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Resumes and Cover Letters

  • Posted by: on June 14th, 2006 |
  • 1 Comment

Employers are forever on the lookout for the resume that jumps out at them. Not in terms of being fancy and pretty to look at. Employers are looking to be impressed! Reading your resume, they want to be able to feel that YOU are the right candidate for the job. They want to be able to do this before ever setting eyes on you!

Tall order, right? You betcha it is!

The very first step in landing that ideal job is to write an ideal resume and cover letter. Without those two most primary of introductions, there most likely won’t be a first interview!

Taking That First Important Step

Your resume places you in the front lines when job hunting. It becomes your calling card. It is not about compelling drama or clever prose; it’s a few simple pages, expertly written, containing information that is all about you.

Your resume will either place you front and center where all the good jobs are or it will not — there is no middle ground.

It’s Now or Never

For the serious job seeker, this “Resume and Cover Letter” ebook will become as a trusted friend. This will be your personal and comprehensive guide to everything you could ever hope to know about conquering the never ending “resume and cover letter” paper trail.

Your resume writing skills will become well honed and your resume will be fine tuned. You will learn to sell yourself with simple, yet, effective words. Your resume will not be relegated to the bottom of any pile — it will be placed where it belongs….at the very top!

You will write a resume that will rival any resume written by a top-notch professional writer, and you will do this in complete confidence.

Let’s Get Started!

Effective Resume And Cover Letter Writing

To begin, make a decision to discard any former knowledge learned about the “rules” of resume and cover letter writing. People commonly become stuck in “bad” writing habits from a time gone by.

It is almost a certainty that since you last wrote your resume, much has been learned and even more has been changed. This is as it should be, for everyday, very creative people are adding to the resume and cover letter writing arsenal.

This ebook is chock full of the most recent and cutting-edge resume and cover letter writing techniques, culled from writing professionals and employment experts.

The Basics

For years, we have been told that to be most effective, a resume should be only one page. This just ds not apply any longer! Today’s resume is creative and unique.

Aside from the most essential and key elements, a resume should reflect the personality and need of the job seeker and not be some cookie cutter rendition of what is “acceptable and expected.”

Standards in resumes and cover letters have changed dramatically, but, only so far as the job seeker has the creative expression and know-how to pull it off! Therein lies the difference. Everyday, employers read all of the standard resumes. They are required to go through each and every one! But, which one will catch their eye?

Formatting in resumes and cover letters has expanded, too. When you consider that your resume will be your own, personalized form of marketing yourself — this lends itself to all manner of unique communication and expression.

Again, so long as the essential elements are included in each resume and cover letter, you are at complete liberty to make certain that your resume will impress and with a bang!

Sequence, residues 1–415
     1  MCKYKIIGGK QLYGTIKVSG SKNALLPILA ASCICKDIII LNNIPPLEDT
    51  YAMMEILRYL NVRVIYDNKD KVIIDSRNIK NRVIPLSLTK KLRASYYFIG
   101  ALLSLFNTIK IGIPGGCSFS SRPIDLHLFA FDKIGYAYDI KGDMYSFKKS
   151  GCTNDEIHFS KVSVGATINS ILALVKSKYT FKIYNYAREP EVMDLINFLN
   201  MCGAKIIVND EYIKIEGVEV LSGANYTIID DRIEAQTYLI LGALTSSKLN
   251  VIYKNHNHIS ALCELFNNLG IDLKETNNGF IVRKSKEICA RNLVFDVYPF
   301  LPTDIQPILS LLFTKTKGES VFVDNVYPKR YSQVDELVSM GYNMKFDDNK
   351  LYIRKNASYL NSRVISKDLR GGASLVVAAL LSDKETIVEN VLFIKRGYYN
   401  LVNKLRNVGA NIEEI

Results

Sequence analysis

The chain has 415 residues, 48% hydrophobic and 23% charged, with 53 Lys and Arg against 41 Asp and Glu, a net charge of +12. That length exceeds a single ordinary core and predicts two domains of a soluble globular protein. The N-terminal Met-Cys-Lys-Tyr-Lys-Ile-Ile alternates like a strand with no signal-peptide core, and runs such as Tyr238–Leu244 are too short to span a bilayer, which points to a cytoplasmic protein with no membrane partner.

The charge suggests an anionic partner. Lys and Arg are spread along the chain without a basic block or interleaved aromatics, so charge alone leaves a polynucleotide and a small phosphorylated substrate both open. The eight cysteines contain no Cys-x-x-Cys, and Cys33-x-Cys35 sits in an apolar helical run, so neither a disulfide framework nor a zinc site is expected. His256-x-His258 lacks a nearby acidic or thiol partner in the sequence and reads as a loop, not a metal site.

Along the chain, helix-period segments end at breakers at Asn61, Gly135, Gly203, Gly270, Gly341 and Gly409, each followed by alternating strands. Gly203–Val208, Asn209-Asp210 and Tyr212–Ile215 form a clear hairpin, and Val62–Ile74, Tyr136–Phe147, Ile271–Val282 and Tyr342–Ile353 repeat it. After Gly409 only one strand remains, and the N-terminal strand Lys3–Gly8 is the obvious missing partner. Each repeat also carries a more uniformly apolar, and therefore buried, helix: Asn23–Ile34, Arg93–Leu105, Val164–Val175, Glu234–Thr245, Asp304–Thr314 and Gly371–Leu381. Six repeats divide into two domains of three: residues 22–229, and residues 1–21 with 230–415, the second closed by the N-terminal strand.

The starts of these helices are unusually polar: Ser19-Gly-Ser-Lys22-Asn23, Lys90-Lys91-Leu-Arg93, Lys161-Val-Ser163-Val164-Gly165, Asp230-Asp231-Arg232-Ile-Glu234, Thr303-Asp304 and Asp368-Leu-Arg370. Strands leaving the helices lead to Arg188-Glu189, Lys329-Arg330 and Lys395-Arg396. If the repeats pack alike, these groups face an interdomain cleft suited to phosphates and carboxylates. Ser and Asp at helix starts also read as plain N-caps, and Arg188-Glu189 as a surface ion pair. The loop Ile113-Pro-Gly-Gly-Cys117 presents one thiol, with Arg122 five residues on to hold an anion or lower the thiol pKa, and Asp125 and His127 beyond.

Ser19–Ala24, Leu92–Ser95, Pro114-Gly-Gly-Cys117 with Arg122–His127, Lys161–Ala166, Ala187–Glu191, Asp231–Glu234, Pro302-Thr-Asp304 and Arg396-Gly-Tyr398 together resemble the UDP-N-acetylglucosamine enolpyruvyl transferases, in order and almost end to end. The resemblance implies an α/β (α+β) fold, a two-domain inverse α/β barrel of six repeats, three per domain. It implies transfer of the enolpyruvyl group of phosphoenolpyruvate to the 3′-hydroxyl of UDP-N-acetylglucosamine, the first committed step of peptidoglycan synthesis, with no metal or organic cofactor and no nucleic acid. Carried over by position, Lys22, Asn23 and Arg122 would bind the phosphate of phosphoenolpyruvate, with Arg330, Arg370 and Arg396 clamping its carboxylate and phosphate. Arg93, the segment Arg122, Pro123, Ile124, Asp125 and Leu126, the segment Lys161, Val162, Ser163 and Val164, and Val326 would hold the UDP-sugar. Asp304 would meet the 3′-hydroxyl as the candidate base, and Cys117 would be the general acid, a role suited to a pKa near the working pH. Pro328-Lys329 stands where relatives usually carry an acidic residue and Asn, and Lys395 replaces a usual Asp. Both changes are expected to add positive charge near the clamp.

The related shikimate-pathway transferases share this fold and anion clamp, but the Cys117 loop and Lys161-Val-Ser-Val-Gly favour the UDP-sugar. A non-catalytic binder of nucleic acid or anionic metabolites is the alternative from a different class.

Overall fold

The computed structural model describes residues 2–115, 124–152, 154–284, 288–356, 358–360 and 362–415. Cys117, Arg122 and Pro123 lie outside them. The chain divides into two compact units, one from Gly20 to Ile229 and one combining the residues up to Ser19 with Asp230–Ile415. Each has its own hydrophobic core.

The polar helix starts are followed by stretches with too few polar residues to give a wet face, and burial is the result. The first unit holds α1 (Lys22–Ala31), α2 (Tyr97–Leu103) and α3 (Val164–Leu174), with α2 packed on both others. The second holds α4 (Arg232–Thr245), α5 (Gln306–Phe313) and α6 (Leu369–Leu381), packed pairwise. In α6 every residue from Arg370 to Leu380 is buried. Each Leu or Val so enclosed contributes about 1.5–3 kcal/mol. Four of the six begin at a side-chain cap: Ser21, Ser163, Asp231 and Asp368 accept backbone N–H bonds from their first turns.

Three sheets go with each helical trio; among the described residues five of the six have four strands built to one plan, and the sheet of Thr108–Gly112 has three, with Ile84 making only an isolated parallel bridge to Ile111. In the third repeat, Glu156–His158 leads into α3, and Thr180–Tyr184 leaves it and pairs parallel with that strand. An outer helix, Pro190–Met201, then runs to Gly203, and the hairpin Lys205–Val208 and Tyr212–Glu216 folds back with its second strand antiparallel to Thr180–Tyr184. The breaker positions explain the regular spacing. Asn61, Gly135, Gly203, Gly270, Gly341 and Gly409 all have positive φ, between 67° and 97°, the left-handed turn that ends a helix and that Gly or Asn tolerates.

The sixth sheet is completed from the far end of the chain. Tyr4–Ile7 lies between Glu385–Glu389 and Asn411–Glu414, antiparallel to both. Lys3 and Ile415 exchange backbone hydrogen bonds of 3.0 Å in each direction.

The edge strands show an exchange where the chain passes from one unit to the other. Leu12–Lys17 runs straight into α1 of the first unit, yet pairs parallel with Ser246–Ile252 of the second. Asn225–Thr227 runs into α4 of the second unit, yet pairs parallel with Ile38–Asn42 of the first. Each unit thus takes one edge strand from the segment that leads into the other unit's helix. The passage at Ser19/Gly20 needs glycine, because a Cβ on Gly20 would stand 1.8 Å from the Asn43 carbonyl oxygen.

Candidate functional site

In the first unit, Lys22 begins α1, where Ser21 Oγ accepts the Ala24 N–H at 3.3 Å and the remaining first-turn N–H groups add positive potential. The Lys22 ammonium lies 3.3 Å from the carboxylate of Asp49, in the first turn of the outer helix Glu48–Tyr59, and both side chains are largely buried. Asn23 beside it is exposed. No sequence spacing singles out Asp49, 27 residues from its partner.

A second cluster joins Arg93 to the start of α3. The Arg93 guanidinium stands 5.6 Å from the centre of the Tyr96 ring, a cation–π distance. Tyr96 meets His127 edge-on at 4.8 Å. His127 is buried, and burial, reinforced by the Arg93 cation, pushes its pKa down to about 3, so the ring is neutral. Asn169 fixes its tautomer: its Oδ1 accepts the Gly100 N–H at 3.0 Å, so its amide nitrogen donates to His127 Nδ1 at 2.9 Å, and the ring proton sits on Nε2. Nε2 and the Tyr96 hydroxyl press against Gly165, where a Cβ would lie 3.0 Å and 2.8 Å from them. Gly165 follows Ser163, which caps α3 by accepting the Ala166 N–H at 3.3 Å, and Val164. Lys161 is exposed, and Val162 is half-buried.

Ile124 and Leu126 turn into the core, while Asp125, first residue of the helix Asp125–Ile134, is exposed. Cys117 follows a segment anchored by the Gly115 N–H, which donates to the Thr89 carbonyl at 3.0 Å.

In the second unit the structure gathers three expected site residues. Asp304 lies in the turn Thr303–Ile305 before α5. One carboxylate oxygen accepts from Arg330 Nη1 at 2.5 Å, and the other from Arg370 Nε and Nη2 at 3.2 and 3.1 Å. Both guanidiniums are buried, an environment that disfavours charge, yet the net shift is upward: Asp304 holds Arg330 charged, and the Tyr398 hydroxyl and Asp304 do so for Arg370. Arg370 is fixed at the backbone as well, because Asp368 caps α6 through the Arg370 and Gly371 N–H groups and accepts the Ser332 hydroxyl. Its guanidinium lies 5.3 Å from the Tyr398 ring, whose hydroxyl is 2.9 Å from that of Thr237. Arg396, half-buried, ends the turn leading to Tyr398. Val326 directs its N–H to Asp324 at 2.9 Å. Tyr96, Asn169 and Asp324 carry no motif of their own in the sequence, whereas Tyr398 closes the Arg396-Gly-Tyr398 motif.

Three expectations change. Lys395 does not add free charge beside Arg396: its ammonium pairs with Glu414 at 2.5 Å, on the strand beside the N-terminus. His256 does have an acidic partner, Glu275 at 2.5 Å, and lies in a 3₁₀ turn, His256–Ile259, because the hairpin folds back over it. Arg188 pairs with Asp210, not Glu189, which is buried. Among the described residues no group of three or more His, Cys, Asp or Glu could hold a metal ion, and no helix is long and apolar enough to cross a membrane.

Just how, exactly, ds one do this?

First of all, learn about the most basic principles involved in writing a highly effective resume and cover letter. Once you have this down, the creative expression can begin!

Your most basic purpose in writing your resume and cover letter will be to be noticed among the many. You want to stand out as not just a good candidate but as “the” candidate just fitting for the job you want.

When you consider that next to your well written resume, not even one hundred other resumes will be written as well as yours, you can see the odds will be in your favor. Your salvation here is in writing a resume that will compel a perspective employer to notice your credentials. If you can master this technique, the rest will be pure gravy.

The Purpose Of Your Resume

Your resume is an important tool that communicates all about YOU. When it ds the job right, you win an interview.

Your resume dsn’t simply provide a prospective employer with your work history. It speaks loud and clear that you have the credentials needed to be a complete success in this new position or career.

Your resume will attract immediate attention. The reader will want to pick it up and read it top to bottom. Interest will be stimulated. An interview will be arranged.

Your resume will contain:

  • Your contact information, i.e. name, address, phone, email address, website address.
  • A defined job objective.
  • A work history.
  • Educational history.
  • Affiliations.
  • References.

Your resume will be written using professional grade printing and paper.

Resume Presentation Is Key

An employer can have hundreds of boring resumes to pour through. This means when something catches the eye, it must really pop out!

Your resume must impress within the first important seconds or it will not impress at all. Employers will quickly scan all resumes and then grab for those that catch their eye best.

To write a really effective resume, you will use powerful statements that will impress. This is very important, but, you do not want to oversell! There is a very fine line here and you will learn all about it.

Above all, you will make honest statements about yourself. They will be strong statements and 100% true, or they will not be effective at all.

Just as you would sell any product that you believe strongly in, you will learn to sell the product that is you! Once you have learned to do this, you will find that you will get a better response from a prospective employer than other prospects do and even those with better credentials. It is all in how you market your product!